Although certain medicines should not be used together at all, in other cases two different medicines may be used together even if an interaction might occur. In these cases, your doctor may want to change the dose, or other precautions may be necessary. When you are receiving this medicine, it is especially important that your healthcare professional know if you are taking any of the medicines listed below. The following interactions have been selected on the basis of their potential significance and are not necessarily all-inclusive.
Using this medicine with any of the following medicines may cause an increased risk of certain side effects, but using both drugs may be the best treatment for you. If both medicines are prescribed together, your doctor may change the dose or how often you use one or both of the medicines.
Certain medicines should not be used at or around the time of eating food or eating certain types of food since interactions may occur. Using alcohol or tobacco with certain medicines may also cause interactions to occur. Discuss with your healthcare professional the use of your medicine with food, alcohol, or tobacco.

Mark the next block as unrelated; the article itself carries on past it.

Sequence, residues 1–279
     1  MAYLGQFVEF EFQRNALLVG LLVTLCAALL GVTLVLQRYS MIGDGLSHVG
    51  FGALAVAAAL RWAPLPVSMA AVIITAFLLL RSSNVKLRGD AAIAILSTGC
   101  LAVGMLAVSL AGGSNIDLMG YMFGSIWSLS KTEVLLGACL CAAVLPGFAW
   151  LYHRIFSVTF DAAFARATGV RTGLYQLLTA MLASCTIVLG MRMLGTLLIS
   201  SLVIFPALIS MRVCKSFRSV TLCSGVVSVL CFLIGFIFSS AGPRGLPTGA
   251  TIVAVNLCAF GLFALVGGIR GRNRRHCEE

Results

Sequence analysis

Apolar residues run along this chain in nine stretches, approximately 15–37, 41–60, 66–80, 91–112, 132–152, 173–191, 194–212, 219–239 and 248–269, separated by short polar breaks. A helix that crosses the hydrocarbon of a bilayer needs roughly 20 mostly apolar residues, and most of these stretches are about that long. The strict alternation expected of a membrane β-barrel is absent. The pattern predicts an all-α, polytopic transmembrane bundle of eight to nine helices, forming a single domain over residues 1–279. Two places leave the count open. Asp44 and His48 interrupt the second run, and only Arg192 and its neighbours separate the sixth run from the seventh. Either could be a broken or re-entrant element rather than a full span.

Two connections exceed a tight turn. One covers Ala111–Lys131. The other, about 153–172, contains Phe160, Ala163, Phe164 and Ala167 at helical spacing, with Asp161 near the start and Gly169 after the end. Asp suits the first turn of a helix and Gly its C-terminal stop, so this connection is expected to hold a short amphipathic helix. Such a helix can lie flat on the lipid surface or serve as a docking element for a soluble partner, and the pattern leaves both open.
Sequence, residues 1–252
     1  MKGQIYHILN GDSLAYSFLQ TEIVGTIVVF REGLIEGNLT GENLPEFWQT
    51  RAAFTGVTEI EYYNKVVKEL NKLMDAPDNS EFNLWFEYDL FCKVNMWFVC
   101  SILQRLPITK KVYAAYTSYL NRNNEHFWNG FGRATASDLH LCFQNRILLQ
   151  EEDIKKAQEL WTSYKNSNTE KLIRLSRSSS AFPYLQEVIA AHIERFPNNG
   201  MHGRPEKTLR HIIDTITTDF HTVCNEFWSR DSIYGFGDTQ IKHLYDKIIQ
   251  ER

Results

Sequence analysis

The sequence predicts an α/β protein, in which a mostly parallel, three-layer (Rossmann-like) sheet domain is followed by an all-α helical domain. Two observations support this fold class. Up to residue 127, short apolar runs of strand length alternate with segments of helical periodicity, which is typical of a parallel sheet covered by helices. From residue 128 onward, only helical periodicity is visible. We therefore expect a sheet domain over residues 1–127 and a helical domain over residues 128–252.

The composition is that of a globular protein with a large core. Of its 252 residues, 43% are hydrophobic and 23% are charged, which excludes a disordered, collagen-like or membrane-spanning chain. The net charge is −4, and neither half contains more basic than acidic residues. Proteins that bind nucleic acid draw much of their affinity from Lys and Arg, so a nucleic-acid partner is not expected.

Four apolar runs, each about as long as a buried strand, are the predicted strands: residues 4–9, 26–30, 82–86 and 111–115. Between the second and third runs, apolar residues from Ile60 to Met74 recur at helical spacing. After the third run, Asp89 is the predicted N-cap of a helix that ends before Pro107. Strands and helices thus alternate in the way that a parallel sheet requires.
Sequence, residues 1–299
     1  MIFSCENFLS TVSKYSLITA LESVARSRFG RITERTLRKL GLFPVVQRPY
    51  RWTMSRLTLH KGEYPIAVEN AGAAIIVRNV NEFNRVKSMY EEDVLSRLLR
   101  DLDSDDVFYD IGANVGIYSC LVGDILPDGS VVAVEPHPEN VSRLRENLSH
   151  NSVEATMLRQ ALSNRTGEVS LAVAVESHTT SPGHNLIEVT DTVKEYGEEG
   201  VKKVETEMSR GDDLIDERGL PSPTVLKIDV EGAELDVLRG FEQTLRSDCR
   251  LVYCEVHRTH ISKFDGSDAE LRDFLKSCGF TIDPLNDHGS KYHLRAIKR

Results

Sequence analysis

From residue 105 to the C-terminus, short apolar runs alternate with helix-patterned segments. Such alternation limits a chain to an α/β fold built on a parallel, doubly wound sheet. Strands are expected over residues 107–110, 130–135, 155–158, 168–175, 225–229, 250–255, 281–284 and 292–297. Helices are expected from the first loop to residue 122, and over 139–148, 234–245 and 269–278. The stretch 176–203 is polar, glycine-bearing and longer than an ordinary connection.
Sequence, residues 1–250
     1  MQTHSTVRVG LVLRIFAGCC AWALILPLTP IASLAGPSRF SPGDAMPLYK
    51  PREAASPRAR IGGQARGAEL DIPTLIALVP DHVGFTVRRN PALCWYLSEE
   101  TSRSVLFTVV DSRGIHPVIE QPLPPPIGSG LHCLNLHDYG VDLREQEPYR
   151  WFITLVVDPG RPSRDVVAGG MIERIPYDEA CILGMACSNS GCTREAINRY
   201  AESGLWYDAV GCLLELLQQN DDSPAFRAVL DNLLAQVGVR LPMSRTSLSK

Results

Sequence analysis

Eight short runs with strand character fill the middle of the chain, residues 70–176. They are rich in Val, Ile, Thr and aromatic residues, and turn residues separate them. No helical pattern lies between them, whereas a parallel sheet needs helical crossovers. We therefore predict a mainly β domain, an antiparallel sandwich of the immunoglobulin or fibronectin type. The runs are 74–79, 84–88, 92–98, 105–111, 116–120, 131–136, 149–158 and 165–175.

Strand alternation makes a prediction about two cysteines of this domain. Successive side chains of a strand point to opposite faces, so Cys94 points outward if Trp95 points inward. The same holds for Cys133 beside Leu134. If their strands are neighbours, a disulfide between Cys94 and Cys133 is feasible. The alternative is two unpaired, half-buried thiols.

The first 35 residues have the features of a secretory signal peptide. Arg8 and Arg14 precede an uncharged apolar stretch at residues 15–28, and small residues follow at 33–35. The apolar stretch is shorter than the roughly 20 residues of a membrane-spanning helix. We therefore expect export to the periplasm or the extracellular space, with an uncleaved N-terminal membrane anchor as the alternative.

Other Medical Problems
The presence of other medical problems may affect the use of this medicine. Make sure you tell your doctor if you have any other medical problems, especially:
Pralatrexate belongs to the group of medicines called antineoplastics. It is used to treat peripheral T-cell lymphoma (PTCL) in patients who have already been treated with other medicines that did not work well. Peripheral T-cell lymphoma is a rare type of cancer that affects certain white blood cells and causes enlarged and swollen lymph nodes in the neck, armpits, and groin.
Pralatrexate interferes with the growth of cancer cells, which are eventually destroyed. Since the growth of normal cells may also be affected by the medicine, other effects may also occur. Some of these may be serious and must be reported to your doctor. Some effects may occur after treatment with pralatrexate.
This medicine is to be administered only by or under the immediate supervision of your doctor.